Deadful Melody (1994) Review

"Deadful Melody" Chinese Theatrical Poster

"Deadful Melody" Chinese Theatrical Poster

AKA: Deadly Melody
Director: Ng Min Kan
Writer: Johnny Lee Gwing Gaai
Producer: Ng Min Kan
Cast: Brigitte Lin Ching Hsia, Yuen Biao, Carina Lau Kar Ling, Elvis Tsui Kam Kong, Wu Ma, David Lam Wai, Peter Chan Lung, Chung Fat, Cheng Song
Running Time: 93 min.

By Paul Bramhall

Reading reviews for Deadful Melody is somewhat of a fun exercise in itself. Depending on if the reviewer thinks it’s a good or bad movie tends to depend of their expectations of it. On the one hand, you have the Yuen Biao fanatics. One of the Three Dragons, the other two being Jackie Chan and Sammo Hung, Biao was easily the most physically gifted of the three, seemingly capable of performing the most amazing acrobatic feats without breaking a sweat. Throw in the fact he had an ability to pull of some jaw dropping fight choreography, and it’s somewhat understandable that these skills are what his fan base pretty much expected from every movie he was in.

On the other hand, you have the fans of the 90’s Hong Kong new wave wuxia movies. Wuxia movies take place in the ‘martial arts world’, and if any comparison must be made, you could say they’re like macho versions of the western worlds fairy tales. Full of noble swordsman, treacherous villains, and exotic weaponry, everything in the world of wuxia is highly exaggerated and dramatic, to the point were you shouldn’t bat an eyelid when people start to fly. The Shaw Brothers movies of the 60s and 70s were filled with entries into the wuxia genre, before it slowly died out during the 80s. However the likes of directors Tsui Hark and Ting Chiu Sung brought it back with a bang in the 90s, with a series of highly stylized movies which were heavily reliant on mind boggling wire-work and explosive set pieces.

Deadful Melody will only satisfy one of these two fan bases, and it’s the latter. To this day there seems to be no other genre that divides kung-fu movie fans as there does the wuxia movie. It’s perfectly normal to see complaints demanding to know why people are flying and twirling about in the air, however these complaints are the equivalent of complaining about magic being used in a Harry Potter movie, or fantastical beasts showing up in the Lord of the Rings. Wuxia movies are usually based on traditional Chinese swordsplay novels, and have a poetic quality to their visual style, as was often found in the Shaw Brothers movies of the past. Fluttering reams of silk in slow motion, whimsical musings on what it means to be the best swordsman in the land, and yes, said swordsman defying gravity at every given moment are all part of the deal.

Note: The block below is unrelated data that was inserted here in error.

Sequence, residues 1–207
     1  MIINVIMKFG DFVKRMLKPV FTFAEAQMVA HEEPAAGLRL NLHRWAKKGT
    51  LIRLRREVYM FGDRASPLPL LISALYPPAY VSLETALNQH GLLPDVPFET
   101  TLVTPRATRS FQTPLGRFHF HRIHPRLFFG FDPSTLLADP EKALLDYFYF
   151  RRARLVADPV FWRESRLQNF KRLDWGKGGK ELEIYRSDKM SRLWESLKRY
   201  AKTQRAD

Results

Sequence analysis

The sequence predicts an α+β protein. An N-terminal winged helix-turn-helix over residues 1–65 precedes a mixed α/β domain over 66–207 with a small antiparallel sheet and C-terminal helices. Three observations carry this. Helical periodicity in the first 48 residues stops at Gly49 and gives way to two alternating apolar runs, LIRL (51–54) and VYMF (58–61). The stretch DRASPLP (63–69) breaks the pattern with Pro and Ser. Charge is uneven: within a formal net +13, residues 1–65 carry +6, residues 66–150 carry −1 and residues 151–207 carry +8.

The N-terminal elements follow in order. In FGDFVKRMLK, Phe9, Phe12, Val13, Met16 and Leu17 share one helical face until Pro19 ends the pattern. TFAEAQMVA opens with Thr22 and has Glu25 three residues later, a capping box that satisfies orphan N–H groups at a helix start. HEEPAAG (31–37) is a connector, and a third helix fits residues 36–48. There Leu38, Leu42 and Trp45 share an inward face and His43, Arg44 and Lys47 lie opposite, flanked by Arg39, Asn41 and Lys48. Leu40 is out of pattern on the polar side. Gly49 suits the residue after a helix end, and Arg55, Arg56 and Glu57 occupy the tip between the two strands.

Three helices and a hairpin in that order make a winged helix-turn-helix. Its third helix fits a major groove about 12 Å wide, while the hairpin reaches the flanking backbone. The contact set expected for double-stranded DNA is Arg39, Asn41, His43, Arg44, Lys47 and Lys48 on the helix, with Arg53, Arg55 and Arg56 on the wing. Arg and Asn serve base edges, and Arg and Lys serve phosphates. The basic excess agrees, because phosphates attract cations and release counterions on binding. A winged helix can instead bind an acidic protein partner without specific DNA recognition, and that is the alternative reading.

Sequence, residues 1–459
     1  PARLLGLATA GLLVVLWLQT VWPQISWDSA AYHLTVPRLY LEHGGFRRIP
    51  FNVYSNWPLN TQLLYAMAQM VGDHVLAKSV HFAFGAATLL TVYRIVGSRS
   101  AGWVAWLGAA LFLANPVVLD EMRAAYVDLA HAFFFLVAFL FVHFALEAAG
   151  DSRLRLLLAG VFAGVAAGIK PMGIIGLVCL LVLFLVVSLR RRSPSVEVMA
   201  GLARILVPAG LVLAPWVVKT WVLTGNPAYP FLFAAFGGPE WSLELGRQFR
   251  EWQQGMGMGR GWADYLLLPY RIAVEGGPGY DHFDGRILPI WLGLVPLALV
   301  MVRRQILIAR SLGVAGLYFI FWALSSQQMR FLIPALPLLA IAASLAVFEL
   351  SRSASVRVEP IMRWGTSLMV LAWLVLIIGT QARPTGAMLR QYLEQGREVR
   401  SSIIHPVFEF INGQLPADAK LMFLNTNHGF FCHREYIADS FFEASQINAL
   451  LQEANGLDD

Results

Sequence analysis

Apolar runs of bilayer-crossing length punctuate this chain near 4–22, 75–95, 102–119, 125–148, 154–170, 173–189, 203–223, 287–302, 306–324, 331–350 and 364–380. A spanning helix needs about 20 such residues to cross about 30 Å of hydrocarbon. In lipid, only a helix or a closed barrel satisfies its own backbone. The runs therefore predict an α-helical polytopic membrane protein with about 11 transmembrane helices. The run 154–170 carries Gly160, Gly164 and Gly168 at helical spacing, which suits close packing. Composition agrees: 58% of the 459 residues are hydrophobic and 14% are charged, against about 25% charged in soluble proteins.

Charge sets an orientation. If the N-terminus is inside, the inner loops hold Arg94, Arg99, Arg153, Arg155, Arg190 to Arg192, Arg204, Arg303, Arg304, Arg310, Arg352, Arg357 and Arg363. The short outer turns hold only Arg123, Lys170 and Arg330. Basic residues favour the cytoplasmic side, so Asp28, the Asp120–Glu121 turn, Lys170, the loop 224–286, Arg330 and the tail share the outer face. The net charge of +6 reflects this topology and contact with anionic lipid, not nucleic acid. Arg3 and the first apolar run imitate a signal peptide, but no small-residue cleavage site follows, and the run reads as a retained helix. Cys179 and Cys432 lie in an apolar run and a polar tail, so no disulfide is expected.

By the time the 90’s had rolled around, the directors of the new wave took these tales, and gave them a forcible injection of adrenaline. This led to the creation of a plethora of movies with a distinctive visual style, somewhat madcap plotting, and highly exaggerated and energetic action sequences which often involved whole trees being uprooted and thrown at each other, bodies exploding into puffs of dust, and buildings being obliterated with single sword strokes. 1992 gave us Swordsman 2, 1993 gave us Butterfly and Sword, and in 1994, we had Deadful Melody.

The iconic actress Brigitte Lin plays a mysterious woman who, clearly channeling the character she played in the hugely popular The Bride with White Hair movies made a year earlier, entrusts Yuen Biao as the head of a security company to deliver a lyre, a type of Chinese musical instrument, to a clan headquarters. The lyre in question also happens to be one of the most powerful martial arts weapons in the world which, if played correctly, can render anyone in its melodies path to die within a few steps. It’s worth pointing out that when I say ‘die’, I specifically mean start pouring blood from every orifice before exploding into a whirl of dust and silk.